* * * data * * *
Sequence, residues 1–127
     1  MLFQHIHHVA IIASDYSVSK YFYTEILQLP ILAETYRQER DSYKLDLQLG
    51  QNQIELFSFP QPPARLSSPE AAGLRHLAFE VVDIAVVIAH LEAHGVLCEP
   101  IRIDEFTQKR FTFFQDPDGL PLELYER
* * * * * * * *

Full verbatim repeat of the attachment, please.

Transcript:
Sequence, residues 1–127
     1  MLFQHIHHVA IIASDYSVSK YFYTEILQLP ILAETYRQER DSYKLDLQLG
    51  QNQIELFSFP QPPARLSSPE AAGLRHLAFE VVDIAVVIAH LEAHGVLCEP
   101  IRIDEFTQKR FTFFQDPDGL PLELYER